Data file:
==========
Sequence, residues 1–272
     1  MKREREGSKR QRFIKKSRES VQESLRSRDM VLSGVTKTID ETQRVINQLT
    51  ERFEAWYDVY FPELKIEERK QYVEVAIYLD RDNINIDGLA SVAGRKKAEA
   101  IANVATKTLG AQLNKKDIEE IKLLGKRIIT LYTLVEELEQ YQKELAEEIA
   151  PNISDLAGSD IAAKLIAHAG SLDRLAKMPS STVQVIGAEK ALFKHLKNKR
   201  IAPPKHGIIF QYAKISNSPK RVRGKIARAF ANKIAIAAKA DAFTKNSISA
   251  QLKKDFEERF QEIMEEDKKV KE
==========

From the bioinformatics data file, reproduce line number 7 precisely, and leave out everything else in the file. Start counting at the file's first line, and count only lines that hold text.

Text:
   251  QLKKDFEERF QEIMEEDKKV KE